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Assessing Wildlife Vulnerability to Energy Development
Provenance

Information derived from USGS Science for WLCI 2010 Annual Report.

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  Created by: sbristol@usgs.gov on Thu Mar 01 11:41:59 MST 2012
  Last Updated by: Auto contactType updater. on Thu Jan 17 16:20:45 MST 2013
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Scope and Methods

The Assessing Wildlife Vulnerability to Energy Development (AWVED) research task was established to help prioritize the management, monitoring, and research needs of Wyoming’s SGCN, which are listed in Wyoming’s Comprehensive Wildlife Conservation Strategy (CWCS; Wyoming Game and Fish Department, 2005). The first step in this multi-year process was to develop Wyoming-specific range map for terrestrial vertebrate SGCN, which was completed in FY2009. The second step was to develop detailed distribution models for all species that refine where they are most likely to occur within their ranges, which was completed in FY2010. The next step (currently ongoing) is to develop maps of current and potential future energy development and assess how that development coincides with the predicted distribution for each species.

In May 2008, representatives of State and Federal entities met to coordinate range mapping and modeling of Wyoming SGCN and accepted the approach for range mapping and distribution modeling developed by the Wyoming Natural Diversity Database (WYNDD) as the standard. Distribution models were generated by statistically extrapolating the environmental characteristics of locations where species have been documented to occur to other areas potentially suitable for occupation (for example, Elith and others, 2006; Greaves and others, 2006; Phillips and others, 2006; Guisan and Thuiller, 2007). The basic components of creating these “environmental niche models” are occurrence data collection and processing, environmental data collection and processing, and model generation and validation. We compiled a dataset of approximately 260,000 individual records for 159 species and stored them in a geodatabase that was queried as needed for analysis and modeling. Observations varied greatly in their quality, and were not of equal value for constructing niche models, so we computed a point quality index for each record (see Keinath and others, 2010), which we used to filter data prior to modeling. We minimized the impact of autocorrelation artifacts arising from non-uniform sampling across the area of interest (Jimenez-Valverde and Lobo, 2006, Johnson and Gillingham, 2008) by using target-group background data for model building (Phillips and others, 2009). We further used a multi-pass filtering technique to construct a minimally-biased modeling dataset for each species (see Keinath and others, 2010). Environmental data layers used in modeling generally fell within six categories: climate, hydrology, land cover, landscape structure, substrate, and terrain (see Appendix 2 in Keinath and others, 2010, for explanation variables). Maximum Entropy methods were used to identify pertinent predictor variables for each species and to generate distribution models (for example, Phillips and others, 2006; Phillips and Dudik, 2008), as they have been consistently shown to be among the most accurate and robust algorithms for constructing niche models from opportunistically collected data, particularly with small sample sizes (Graham and Elith, 2005; Hijmans and Graham, 2006; Graham and others, 2008; Wisz and others, 2008). To avoid biases associated with any one validation technique, we evaluated models quantitatively and qualitatively using multiple methods, including prediction accuracy based on ten-fold cross-validation, statistics derived from receiver operating characteristic analyses, evaluations of input data quality, and the expert opinion of biologists regarding how well final models reflected their understanding of species’ distributions (for example, Fielding and Bell, 1997; Freeman and Moisen, 2008).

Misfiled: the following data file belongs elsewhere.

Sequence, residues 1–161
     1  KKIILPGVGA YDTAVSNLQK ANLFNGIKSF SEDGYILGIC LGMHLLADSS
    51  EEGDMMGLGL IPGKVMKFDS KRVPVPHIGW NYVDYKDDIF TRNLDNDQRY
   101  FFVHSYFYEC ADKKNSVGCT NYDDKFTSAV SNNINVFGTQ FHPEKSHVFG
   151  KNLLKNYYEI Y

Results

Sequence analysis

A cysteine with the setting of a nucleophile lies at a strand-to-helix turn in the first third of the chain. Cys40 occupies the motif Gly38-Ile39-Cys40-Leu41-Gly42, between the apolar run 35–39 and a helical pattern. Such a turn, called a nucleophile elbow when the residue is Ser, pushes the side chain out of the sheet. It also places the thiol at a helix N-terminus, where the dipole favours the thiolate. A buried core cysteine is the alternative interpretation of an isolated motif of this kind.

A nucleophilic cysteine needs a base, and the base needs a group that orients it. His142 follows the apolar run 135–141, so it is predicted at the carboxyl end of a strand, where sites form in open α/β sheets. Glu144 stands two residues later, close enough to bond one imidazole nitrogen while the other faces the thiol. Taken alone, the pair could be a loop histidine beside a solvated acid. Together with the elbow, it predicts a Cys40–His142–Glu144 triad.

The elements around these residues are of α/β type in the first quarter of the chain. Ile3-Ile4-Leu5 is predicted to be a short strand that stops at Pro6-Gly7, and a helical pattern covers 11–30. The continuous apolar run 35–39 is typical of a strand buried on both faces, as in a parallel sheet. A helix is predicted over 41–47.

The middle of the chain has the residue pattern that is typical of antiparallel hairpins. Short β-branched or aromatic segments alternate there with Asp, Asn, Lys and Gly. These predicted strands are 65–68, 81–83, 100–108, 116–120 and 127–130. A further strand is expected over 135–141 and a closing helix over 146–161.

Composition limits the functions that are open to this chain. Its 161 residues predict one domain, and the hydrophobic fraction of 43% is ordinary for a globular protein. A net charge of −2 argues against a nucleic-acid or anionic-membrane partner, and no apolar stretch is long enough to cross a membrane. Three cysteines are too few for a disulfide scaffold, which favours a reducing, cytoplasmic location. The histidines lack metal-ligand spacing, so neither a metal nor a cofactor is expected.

Objective

  • Focus conservation attention on the most vulnerable species before they become imperiled by assessing relative risks from energy related disturbances based on geospatial estimates of exposure and evaluation of biological sensitivities.
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Data Owner: U.S. Geological Survey
Contact: Doug Keinath, Matthew J Kauffman

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Files stored in ScienceBase: (Download Attached Files)

thumbnail Wildlife_vulnerability.jpg 51 KB image/jpeg
thumbnail Wildlife_vulnerability_map.jpg 147 KB image/jpeg
Additional Information
Communities

Great Northern Landscape Conservation Cooperative
LC MAP - Landscape Conservation Management and Analysis Portal
Wyoming Landscape Conservation Initiative

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